Some gripes are small and will probably disappear after the first patch or two. Others are design decisions that are difficult to justify for a game released in 2023.
The most jarring bug was minor: I was walking with the beacon detector when I triggered a flashback sequence. In this cutscene, Yasna had one right hand holding the tool to her face and another right hand making different movements.
The problem fixed itself after some fumbling, but I was suddenly very far away from the story. This highlights the main risk with narrative-heavy games like The Invincible: it only takes a small problem during a crucial time to spoil the experience.
Some prompts and triggers refused to do their thing until approached multiple times. Other times, it was the movement system that got in the way. I had to guess which of the twelve rocks that led to the same plateau Yasna should approach to trigger the animation.
Brunon Lubas did a spectacular job with the sounds in The Invincible, and the game plays well on speakers. Still, the audio mixing is very clearly geared towards headsets. I struggled with radio transmissions without subtitles when playing on the TV.
These are reasonable but frustrating limitations in sound design when The Invincible is a story that deserves sharing. While playing the game, my partner begged me to pause before leaving the room after a few minutes following the story.
The amount of possible endings in The Invincible is inspiring but deceptive. You can hit 11 different situations, but it is hard to call this game immediately replayable.
Yasna may have suffered from amnesia, but I do not, and trying to go through it again immediately after reaching one end took a lot of the shine off.
Alternatives: Where to After Regis III?
Few games deliver the level of narrative immersion of The Invincible, but any have aspects that feel similar.
- Mass Effect trilogy
- No Man’s Sky
- Alien: Isolation
- Metro Exodus
- Hellblade: Senua’s Sacrifice
- Life Is Strange
Verdict – 8/10
They say Stanisław Lem’s books come out ready to become scripts. The Invincible is the first major video game adaptation. The narrative leans heavily on the source, but rather than use it as a crutch, Starward Industries gives the player agency without sacrificing the cinematic experience.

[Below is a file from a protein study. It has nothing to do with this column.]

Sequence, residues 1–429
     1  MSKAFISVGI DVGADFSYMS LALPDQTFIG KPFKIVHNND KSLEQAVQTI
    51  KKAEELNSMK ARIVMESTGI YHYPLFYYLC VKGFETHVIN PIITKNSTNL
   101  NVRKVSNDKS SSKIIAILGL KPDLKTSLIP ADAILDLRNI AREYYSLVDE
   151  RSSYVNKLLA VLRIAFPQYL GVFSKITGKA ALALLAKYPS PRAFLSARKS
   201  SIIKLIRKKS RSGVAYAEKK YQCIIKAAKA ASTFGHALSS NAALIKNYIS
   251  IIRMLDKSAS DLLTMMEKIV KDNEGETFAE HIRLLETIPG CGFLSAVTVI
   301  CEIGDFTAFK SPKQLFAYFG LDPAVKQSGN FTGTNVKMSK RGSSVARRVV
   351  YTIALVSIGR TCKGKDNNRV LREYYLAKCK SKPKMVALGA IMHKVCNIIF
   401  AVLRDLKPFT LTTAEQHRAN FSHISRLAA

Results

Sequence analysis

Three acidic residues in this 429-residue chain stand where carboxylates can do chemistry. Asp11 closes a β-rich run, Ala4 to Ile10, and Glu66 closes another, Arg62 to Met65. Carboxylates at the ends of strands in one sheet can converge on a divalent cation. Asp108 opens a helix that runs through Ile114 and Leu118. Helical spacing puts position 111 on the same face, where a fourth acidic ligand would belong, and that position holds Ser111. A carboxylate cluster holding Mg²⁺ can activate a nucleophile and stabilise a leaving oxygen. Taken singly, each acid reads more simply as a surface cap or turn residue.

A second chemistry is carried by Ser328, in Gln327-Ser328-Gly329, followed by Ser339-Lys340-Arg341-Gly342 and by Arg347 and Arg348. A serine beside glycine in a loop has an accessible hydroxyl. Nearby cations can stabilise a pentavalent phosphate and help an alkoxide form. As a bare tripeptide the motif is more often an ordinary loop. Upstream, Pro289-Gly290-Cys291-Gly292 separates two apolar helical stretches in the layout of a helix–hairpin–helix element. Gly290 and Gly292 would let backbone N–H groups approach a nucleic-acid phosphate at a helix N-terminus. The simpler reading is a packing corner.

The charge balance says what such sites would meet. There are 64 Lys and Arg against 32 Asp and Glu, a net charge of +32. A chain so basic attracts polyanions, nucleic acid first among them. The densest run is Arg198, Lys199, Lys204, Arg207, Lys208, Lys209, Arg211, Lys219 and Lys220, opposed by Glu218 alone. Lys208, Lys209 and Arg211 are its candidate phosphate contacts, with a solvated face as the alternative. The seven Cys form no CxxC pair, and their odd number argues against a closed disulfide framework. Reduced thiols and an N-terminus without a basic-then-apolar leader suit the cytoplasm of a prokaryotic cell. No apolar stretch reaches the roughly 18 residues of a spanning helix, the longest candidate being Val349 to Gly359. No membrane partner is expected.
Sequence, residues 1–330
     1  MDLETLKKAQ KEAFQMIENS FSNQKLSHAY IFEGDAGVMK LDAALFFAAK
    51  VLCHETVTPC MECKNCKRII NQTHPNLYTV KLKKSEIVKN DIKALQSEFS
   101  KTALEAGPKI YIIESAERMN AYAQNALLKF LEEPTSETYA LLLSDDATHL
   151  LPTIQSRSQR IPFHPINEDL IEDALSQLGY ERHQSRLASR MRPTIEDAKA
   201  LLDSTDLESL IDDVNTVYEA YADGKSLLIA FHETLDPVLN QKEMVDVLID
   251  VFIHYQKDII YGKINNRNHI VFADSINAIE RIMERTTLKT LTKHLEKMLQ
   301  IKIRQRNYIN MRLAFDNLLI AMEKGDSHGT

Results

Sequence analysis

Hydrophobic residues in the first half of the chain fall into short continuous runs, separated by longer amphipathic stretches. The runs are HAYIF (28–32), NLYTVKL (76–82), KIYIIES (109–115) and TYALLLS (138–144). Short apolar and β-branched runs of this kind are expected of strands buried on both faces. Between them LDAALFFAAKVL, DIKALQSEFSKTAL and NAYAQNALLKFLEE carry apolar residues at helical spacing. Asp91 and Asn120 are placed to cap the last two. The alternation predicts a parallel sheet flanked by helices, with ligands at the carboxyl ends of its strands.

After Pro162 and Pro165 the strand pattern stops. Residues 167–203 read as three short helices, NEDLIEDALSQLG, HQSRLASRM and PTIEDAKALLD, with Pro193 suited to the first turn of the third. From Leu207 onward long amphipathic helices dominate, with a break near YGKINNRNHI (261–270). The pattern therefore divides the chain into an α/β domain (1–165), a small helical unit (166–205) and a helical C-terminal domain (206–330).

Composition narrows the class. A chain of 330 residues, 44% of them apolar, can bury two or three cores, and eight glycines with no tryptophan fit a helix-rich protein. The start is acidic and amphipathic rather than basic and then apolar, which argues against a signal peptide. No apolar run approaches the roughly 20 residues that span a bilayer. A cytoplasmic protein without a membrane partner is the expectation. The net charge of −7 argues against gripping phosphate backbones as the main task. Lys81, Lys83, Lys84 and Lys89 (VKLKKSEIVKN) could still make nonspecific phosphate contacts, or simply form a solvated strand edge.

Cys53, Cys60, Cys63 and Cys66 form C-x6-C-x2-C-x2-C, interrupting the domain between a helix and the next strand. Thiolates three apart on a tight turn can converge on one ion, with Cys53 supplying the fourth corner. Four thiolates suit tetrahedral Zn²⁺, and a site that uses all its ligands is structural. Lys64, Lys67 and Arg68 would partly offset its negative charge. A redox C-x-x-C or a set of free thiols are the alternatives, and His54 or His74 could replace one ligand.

The gameplay does not introduce any revolutionary features, and it does not need to. Immersive interface design and strong characters make The Invincible a delight for most science fiction fans, and artistry becomes the centerpiece even when nothing is happening.
The action and lack thereof feel deliberate and make The Invincible play like the director’s cut of a movie that is hard to drop. My sleep schedule was the only thing in the way of finishing the game in one long session.
You play the role of a stranded astrobiologist with realistic tools and skills. You do not have superhuman strength. Your deduction abilities are limited to observations you can make with few tools and time at hand. You are not a combatant capable of blasting problems away.
Sure, if the gameplay of The Invincible was about any other story or character, it would be about nothing. But if Yasna had superpowers or an arsenal capable of blasting her way out of every situation, it would make the story meaningless.
This is a game with a clear goal and an elegant execution, and the result is far greater than the sum of its parts. Some aspects require an added layer of polish and others that I hope become learning experiences for Starward Industries in their future titles.
This is one for the lovers of cinematic experiences and reflections on humanity, life, and evolution. The game itself is a solid 8/10. It is capable of leaving a legacy far beyond that rating.
Pros & Cons
- Immersive visuals and interface
- Emotional voice acting
- Deep addressing of philosophical themes
- Faithful to the values of the original work
- Awkward movement around obstacles
- Long exploration sequences that are not for every player
- Poor sound mixing when using speakers
- Immersion-breaking bugs during important scenes
I play for 8 hours on the PlayStation 5, split between three days. I would have run the game from start to finish on day one if sleep was optional.
Question: How many Endings are there?
Answer: The Invincible has a total of 11 ending variations. Some are loyal to the book, others diverge to reflect your choices. This gives The Invincible some limited replayability.
Question: How Long is The Invincible?
Answer: The average playtime in The Invincible hovers around 6 hours. There are few opportunities to wander off course from the main story, and they rarely add more than 10 to 15 minutes each.
Question: Is there Combat in The Invincible?
Answer: The Invincible has combat sequences, but the game primarily focuses on exploration, so do not come in looking for a fight.